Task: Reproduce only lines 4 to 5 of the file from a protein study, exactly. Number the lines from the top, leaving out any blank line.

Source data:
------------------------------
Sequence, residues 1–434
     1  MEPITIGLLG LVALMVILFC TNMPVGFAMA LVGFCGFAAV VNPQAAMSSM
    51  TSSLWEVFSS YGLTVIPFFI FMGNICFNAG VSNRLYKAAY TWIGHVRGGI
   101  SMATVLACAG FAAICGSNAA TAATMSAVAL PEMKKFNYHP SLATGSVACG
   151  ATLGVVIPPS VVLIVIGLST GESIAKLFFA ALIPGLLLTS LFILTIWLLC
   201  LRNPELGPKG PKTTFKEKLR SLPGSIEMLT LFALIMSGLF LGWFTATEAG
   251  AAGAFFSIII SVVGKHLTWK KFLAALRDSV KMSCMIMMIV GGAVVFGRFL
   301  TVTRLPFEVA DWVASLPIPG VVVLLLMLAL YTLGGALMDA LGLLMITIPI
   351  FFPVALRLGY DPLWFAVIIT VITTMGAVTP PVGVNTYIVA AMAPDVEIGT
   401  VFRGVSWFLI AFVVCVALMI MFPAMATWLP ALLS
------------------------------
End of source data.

   101  SMATVLACAG FAAICGSNAA TAATMSAVAL PEMKKFNYHP SLATGSVACG
   151  ATLGVVIPPS VVLIVIGLST GESIAKLFFA ALIPGLLLTS LFILTIWLLC